PESHAWAR, Pakistan — Pakistan said Monday it will temporarily open two border crossings with Afghanistan that were closed after a string of militant attacks, while a new wave of assaults targeting several military posts near the porous frontier killed six Pakistani soldiers.
Pakistan's Foreign Ministry said the Torkham and Chaman crossings will be open Tuesday and Wednesday. Afghans with valid visas will be allowed to return home, as will Pakistanis who travelled to Afghanistan with valid visas, the ministry said.
Pakistan shut the two main crossings with Afghanistan three weeks ago after a wave of suicide bombings that authorities said was linked to a group operating on the other side of the border. The two countries have long accused each other of ignoring militants that operate along the frontier.
The army said the attack on the military posts was carried out by militants who crossed over from Afghanistan into the Mohmand tribal region. It said 10 of the attackers were believed to have been killed as the rest retreated across the border.
Jamaat-ul-Ahrar, a Pakistani Taliban breakaway faction behind several recent attacks, claimed responsibility.
Pakistan says militants have retreated to sanctuaries in Afghanistan as it has stepped up military operations in tribal regions along the border in recent years.
Extremists have nevertheless managed to launch large-scale attacks against civilians, killing over 125 people last month, including 90 worshippers at a famed Sufi shrine in southern Pakistan.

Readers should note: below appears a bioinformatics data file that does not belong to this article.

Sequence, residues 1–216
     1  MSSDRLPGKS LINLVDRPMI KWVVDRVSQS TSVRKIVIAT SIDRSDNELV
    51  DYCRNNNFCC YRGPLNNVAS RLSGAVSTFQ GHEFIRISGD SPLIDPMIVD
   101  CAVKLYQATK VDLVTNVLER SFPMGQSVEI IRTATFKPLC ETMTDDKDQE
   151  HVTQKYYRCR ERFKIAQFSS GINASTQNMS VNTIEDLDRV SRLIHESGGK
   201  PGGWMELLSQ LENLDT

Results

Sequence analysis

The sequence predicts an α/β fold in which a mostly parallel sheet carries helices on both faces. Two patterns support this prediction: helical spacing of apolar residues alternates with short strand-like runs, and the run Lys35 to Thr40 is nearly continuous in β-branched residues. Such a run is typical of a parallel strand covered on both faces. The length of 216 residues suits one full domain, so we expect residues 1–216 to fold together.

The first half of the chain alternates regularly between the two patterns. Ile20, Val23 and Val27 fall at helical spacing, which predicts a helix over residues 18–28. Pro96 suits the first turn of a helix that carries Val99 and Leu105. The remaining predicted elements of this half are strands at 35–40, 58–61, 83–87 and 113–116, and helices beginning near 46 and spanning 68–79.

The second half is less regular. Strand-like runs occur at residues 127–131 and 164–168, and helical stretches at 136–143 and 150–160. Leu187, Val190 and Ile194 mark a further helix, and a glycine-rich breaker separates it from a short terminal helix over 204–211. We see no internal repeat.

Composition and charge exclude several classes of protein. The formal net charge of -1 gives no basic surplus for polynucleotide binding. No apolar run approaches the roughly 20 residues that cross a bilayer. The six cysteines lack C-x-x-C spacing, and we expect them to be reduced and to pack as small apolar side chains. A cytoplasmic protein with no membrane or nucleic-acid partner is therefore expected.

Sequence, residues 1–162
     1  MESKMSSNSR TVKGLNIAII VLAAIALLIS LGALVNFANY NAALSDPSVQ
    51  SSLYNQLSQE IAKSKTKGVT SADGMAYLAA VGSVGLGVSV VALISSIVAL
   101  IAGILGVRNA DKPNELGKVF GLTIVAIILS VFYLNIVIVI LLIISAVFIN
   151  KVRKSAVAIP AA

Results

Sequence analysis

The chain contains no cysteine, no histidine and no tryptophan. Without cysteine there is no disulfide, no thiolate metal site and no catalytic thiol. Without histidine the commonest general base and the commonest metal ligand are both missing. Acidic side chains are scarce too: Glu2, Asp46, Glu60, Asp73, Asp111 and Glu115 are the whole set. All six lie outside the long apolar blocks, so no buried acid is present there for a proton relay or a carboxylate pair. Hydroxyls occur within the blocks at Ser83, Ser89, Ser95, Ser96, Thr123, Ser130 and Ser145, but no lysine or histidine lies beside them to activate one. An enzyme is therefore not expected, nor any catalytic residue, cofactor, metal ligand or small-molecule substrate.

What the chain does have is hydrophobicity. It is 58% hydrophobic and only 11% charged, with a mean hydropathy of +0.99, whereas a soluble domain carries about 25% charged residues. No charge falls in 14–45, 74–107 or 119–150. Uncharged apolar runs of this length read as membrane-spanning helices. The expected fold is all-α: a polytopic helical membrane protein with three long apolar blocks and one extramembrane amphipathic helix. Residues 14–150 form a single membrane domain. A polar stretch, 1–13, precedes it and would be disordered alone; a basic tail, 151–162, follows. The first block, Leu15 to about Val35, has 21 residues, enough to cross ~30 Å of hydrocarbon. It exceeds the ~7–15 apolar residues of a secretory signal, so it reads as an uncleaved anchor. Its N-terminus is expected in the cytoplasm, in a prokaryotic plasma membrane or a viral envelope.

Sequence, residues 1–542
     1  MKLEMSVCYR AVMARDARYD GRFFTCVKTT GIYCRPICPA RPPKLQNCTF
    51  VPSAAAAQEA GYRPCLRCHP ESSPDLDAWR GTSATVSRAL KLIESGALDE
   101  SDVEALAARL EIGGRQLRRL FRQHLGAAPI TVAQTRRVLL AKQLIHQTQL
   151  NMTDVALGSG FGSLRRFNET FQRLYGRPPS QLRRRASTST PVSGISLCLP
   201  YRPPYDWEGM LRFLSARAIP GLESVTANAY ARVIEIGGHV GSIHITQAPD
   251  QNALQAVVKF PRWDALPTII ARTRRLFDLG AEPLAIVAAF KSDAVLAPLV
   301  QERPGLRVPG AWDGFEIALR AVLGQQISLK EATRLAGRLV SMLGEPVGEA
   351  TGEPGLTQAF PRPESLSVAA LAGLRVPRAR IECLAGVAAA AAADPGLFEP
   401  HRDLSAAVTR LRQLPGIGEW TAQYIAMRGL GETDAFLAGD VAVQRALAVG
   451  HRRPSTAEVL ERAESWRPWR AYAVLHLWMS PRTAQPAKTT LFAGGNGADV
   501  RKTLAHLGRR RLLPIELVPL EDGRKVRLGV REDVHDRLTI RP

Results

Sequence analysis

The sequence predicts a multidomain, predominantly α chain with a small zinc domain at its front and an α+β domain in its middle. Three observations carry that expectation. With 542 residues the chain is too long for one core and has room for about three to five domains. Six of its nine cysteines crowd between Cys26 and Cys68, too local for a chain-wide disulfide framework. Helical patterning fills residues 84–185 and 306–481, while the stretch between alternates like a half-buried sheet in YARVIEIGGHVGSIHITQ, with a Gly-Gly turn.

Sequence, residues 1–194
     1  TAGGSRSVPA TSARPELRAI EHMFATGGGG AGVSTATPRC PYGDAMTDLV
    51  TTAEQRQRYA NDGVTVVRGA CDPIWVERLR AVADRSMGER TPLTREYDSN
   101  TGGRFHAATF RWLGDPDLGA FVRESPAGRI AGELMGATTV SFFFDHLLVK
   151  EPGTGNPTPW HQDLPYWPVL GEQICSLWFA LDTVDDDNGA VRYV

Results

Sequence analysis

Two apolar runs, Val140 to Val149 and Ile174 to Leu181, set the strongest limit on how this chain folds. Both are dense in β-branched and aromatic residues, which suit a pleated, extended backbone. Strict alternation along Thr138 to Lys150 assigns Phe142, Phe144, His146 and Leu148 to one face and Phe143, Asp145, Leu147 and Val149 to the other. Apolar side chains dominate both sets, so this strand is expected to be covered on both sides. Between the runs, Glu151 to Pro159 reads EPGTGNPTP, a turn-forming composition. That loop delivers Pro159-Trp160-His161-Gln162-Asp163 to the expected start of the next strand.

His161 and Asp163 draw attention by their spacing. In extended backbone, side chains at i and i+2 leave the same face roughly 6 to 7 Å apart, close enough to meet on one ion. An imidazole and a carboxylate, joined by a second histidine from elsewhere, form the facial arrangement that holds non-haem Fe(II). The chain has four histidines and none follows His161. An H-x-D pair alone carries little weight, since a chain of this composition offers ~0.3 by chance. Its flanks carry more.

Pakistan's Foreign Ministry said earlier Monday that it had summoned the Afghan deputy head of mission to lodge a formal complaint over the attack on the military posts and to demand that Kabul take stronger action against armed groups.
A spokesman for the provincial governor in Afghanistan's Nangarhar province, Attaullah Khogyani, said the Pakistani allegations were baseless.
Also on Monday, police in Pakistan's southern port city of Karachi said they killed a wanted militant and arrested four others in a raid. Police identified the slain militant as Dildar Chacha, saying he was involved in several terrorist attacks in recent years and was running a sleeper cell of the Lashkar-e-Jhangvi militant group.
Zarar Khan reported from Islamabad. Associated Press writers Asif Shahzad in Islamabad, Ishtiaq Mahsud in Dera Ismail Khan, Pakistan, and Amir Shah in Kabul, Afghanistan contributed to this report.
Riaz Khan And Zarar Khan, The Associated Press